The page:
Child Abuse and Maltreatment in School-Age Years

School age children are children between the age of 6 and 12. Parents should carefully monitor children in this age group as they may face child abuse and maltreatment in diverse aspects (Grand Canyon University, 2018). One type of abuse that children may undergo is bullying by other schoolmates. Bullying occurs in educational setting and may include hostile intent, provocation, physical, emotional, or verbal bullying. Parents and caregivers should identify warning signs of that indicate bullying and act appropriately to protect the children (Callaghan, Fellin, Alexander, Mavrou, & Papathanaasiou, 2017). Some of the warning signs of bullying include unhappy, anxious, or withdrawn children, unexplained injuries, changes in eating habits, poor performance in school, destroyed clothing, and regular school absenteeism.
School-age children may also face sexual abuse such as rape, child pornography, or molestation (Callaghan et al., 2017). Any sexual intercourse with a child is rape since a child cannot legally give consent to sexual activity. Sexual activities may include fondling a child’s private parts, indecent exposure, vaginal/anal penetration, and sexual exploitation where children are used for prostitution. Statistics indicate that a close family member or someone that the child knows is the perpetrator of most sexual abuse (Callaghan et al., 2017). Some of the warning signs of sexual abuse include a child’s knowledge of sexual acts, seductive behaviors of a child, excessive aggression, uninhibited behavior, or fear of a certain family member. Healthcare providers may conduct a medical examination to identify sexual abuse. Child abuse is defined according to socially accepted norms that vary from one culture to another (Grand Canyon University, 2018).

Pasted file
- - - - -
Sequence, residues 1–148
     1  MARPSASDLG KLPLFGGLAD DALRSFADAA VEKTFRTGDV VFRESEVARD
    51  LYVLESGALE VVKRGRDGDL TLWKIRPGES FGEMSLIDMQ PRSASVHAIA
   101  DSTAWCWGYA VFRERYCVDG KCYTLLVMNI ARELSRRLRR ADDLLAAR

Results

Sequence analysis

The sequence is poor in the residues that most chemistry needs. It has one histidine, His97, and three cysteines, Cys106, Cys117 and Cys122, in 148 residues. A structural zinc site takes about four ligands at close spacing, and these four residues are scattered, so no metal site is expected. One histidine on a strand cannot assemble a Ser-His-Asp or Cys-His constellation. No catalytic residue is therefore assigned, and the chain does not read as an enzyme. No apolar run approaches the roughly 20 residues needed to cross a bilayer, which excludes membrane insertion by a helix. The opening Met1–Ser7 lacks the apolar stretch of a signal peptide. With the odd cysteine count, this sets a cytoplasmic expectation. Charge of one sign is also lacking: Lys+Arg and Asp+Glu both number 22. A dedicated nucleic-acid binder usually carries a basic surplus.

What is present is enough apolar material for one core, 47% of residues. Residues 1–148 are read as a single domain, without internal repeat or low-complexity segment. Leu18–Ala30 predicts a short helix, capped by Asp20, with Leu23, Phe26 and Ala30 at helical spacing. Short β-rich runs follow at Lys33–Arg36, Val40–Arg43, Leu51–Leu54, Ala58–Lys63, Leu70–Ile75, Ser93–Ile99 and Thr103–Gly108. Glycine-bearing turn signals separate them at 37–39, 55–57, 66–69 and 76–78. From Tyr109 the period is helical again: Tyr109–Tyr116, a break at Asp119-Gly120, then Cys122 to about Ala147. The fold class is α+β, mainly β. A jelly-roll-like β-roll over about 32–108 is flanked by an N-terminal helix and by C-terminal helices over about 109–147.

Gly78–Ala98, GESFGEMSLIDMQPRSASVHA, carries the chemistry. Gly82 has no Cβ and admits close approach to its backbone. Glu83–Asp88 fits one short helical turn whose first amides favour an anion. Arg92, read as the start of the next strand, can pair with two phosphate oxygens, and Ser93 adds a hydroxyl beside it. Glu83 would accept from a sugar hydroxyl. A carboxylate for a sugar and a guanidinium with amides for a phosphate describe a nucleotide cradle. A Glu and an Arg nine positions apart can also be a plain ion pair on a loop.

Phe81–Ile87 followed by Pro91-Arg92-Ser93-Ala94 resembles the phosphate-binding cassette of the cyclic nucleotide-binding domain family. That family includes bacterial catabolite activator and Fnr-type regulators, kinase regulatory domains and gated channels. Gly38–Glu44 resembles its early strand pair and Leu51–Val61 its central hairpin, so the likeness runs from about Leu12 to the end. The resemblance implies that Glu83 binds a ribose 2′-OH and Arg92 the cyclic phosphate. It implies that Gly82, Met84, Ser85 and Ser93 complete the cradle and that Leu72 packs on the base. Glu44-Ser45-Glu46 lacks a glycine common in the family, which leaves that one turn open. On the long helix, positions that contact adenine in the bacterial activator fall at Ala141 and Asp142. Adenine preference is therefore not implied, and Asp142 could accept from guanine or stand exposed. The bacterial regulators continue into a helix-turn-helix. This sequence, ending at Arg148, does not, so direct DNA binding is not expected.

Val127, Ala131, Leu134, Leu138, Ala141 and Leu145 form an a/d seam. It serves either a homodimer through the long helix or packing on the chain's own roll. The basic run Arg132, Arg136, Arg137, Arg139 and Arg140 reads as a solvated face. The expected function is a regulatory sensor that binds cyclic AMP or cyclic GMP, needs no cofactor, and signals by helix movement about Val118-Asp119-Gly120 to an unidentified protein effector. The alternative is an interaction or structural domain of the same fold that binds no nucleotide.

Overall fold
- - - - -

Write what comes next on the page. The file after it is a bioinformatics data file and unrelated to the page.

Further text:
Certain cultures such as the Asian communities use healing practices such as the use of herbal remedies to cure certain illnesses that that may be misinterpreted as child abuse. Healthcare providers should be sensitive to cultural beliefs and practices and maintain a nonjudgmental attitude as this will help in differentiating cultural health practices from child abuse (Zeanah & Humphreys, 2018). The state of California requires all healthcare providers to report any suspected child abuse immediately to the county child welfare department or any local law enforcement agency such as the local police and write a report within 48 hours about the incident. A person does not have to be physically present to witness the abuse or have definite proof that a child may have been subjected to child abuse rather have a reasonable suspicion that a child has been abused (California Department of Education, 2020).


California Department of Education. (2020). Child Abuse Prevention Training and Resources. Child Abuse Identification and Reporting Guidelines. Retrieved from
Callaghan, J. E. M., Fellin, L., Alexander, J. H., Mavrou, S., & Papathanaasiou, M. (2017). Children and domestic violence: Emotional competencies in embodied and relational contexts. Psychology of Violence, 7(3), 333-342.
Grand Canyon University. (Ed.). (2018). Health assessment: Foundations for effective practice. Grand Canyon University.
Zeanah, C. H., & Humphreys, K. L. (2018). Child Abuse and Neglect. Journal of the American Academy of Child and Adolescent Psychiatry, 57(9), 637–644.

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